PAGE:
By Marc S. Sanders

I had a few reasons to watch this movie. One, a good friend, Greg Spiegel, had given this film his full endorsement on a number of occasions. Two, as some of you know, I’ve been a huge admirer of Clint Eastwood for as long as I can remember, since age 8 or 9 I imagine, when I saw his Dirty Harry films and even Fido Beddow in Every Which Way But Loose (and its sequel; those films are much better than maybe they are given credit for actually).

Eastwood matured as a filmmaker during the mid 80s and on into the present. He transitioned into films that delivered messages that sometimes even contradicted his past films as the gunslinger who never asks questions and always knew where to shoot. Films like Unforgiven and A Perfect World really showcase the tragedies of violence perfectly, and I think Gran Torino is worthy of being added to that list.

Eastwood plays Walt Kowalski, a racist Korean War veteran, who never left the war he used to fight in. The war comes home with him 50 years later to his Michigan neighborhood where he seems to be the only Caucasian American to live among a melting pot of other races; highlighted especially here are his Hmong neighbors who look past Walt’s prejudices to befriend him following his unintended gesture of protection from an intrusive gang. From there, Walt makes a bond with young Tao, a boy with no male influence in his life, and Tao’s sister.

Eastwood is probably the best director to direct himself. He knows how to position his camera and lighting, or lack thereof, to carve out the lines on his face and hide himself in haunting shadows to show a riddled history to Walt. He also adheres to similar themes that worked well in other films. A defiance to religion represented by a young minister looking to help Walt is reminiscent to the sarcastic approach Eastwood’s character used in Million Dollar Baby. The neglect of a protagonist’s family, and most especially, the connection of the pessimistic old man with the young child, barely adult, as well echos the Clint Eastwood/Hilary Swank pairing in that film. I don’t mind if it’s a repeat actually. Relationships like these are hardly shown in films these days, and I think they are important. Films like Harold & Maude and The Karate Kid show that gaps in generations are not an excuse to separate ourselves. (Heck, I even attempted it when I wrote my play, Arnie & The Itch.)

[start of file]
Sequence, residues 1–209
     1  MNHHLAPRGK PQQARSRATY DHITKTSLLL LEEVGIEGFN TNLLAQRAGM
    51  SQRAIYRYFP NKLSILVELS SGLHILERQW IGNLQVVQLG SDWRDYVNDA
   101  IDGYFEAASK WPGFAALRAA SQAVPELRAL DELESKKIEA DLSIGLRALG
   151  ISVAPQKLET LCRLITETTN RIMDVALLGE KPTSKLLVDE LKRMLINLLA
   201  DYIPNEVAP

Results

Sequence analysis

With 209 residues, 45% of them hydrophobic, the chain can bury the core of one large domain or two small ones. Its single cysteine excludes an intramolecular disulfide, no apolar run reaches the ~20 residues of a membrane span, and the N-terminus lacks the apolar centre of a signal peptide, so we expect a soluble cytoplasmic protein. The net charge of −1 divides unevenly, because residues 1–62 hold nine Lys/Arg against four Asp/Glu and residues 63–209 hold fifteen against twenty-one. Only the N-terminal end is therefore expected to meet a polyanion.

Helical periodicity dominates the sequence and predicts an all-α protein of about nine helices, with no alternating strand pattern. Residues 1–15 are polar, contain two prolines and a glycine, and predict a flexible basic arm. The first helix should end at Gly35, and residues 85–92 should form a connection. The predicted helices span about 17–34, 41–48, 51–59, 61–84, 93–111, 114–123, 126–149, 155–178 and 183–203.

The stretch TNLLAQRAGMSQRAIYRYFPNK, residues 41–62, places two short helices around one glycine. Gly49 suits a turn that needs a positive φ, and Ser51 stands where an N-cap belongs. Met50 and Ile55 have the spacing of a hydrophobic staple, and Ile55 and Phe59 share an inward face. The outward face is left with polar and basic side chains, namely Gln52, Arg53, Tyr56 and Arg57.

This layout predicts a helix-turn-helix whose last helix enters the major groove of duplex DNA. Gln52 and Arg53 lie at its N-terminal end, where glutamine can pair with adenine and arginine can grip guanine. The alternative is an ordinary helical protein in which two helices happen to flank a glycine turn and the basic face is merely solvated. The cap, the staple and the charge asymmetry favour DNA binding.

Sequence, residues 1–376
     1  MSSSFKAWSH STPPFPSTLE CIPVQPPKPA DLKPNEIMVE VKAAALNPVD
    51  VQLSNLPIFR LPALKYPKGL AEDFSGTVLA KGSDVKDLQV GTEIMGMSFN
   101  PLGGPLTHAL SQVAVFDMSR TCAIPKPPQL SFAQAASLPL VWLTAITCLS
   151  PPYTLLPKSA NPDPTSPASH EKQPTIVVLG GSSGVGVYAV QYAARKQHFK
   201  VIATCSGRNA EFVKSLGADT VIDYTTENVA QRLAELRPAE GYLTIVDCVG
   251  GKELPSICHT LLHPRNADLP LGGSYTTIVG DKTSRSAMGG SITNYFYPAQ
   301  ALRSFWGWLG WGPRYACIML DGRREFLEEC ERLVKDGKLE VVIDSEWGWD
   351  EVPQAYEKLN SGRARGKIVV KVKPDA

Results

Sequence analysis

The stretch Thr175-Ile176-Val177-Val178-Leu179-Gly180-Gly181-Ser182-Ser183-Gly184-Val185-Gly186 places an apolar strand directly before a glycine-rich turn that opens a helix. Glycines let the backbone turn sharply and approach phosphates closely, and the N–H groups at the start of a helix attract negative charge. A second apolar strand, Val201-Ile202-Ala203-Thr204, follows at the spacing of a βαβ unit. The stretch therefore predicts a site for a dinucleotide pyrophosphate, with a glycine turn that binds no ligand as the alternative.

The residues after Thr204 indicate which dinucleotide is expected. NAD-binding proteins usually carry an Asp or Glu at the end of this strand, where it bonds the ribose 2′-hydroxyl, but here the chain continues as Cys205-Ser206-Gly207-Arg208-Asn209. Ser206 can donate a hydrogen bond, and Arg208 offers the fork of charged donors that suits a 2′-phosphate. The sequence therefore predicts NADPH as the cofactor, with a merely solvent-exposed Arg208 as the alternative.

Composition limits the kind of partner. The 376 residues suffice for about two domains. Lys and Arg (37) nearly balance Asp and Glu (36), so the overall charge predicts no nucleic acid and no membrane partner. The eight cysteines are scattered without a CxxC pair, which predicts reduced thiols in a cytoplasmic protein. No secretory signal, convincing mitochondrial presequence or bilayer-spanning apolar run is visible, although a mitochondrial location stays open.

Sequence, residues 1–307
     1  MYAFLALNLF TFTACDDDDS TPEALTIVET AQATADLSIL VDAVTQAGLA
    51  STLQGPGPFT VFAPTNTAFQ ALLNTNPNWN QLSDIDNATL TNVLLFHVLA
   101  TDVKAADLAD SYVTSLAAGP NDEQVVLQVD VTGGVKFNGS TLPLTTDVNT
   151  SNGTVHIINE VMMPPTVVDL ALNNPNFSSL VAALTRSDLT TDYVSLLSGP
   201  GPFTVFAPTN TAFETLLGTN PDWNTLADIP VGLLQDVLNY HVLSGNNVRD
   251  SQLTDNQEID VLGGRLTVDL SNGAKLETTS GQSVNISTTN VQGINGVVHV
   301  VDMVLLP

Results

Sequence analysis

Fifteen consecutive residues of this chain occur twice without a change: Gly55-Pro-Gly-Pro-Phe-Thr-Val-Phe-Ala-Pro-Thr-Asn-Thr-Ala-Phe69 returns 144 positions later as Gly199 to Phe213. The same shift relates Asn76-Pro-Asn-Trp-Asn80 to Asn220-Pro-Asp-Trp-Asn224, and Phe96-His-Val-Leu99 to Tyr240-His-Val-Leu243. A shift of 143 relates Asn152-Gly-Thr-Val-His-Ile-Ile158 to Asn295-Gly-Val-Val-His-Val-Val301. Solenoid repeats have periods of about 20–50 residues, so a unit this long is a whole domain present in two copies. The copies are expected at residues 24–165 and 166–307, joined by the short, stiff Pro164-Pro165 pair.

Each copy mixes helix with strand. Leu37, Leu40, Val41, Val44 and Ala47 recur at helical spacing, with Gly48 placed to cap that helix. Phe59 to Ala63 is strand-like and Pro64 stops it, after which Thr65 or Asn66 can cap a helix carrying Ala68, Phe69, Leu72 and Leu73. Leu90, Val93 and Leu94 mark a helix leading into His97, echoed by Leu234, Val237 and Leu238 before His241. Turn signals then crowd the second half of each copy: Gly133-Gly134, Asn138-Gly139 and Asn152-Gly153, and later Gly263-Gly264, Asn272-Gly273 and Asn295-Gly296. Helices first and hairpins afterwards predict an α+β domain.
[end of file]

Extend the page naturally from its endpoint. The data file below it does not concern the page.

Eastwood has great, uncompromising racial affection (yes, those two words work nicely here) with his two Asian co-stars Bee Vang and Ahney Her, who are well cast in their own right.

Name calling is a method of maintaining a relationship in a film like this. The PC bandwagon is tossed out so the actors, especially the minority Asians, find something more wholesome to a prejudiced old coot.

The language is strong in Gran Torino, but I say it’s an important film to show to many kids to learn of a neighbor’s tolerance; of what goes on behind a closed door or even if that neighbor sits quietly on his porch with a dog by his side and a beer in his hand. We learn of the roads they have crossed, the battles they have fought, and the accomplishments they’ve made. Learn from these people. Learn from the humanity they carry; the honest humanity that may look offensive on the outside yet is present due to a tormented history inside.

I could say “these whipper snappers with their phones” but it’s honest frustration. It’s hard to learn what a person really is by means of a handheld device. To learn about a person, you have to eat with them, work with them, speak to them and even appreciate their 1972 restored Ford Gran Torino, automobile.

This was a great effort in performance and production from Clint Eastwood. I’m glad I watched it finally.

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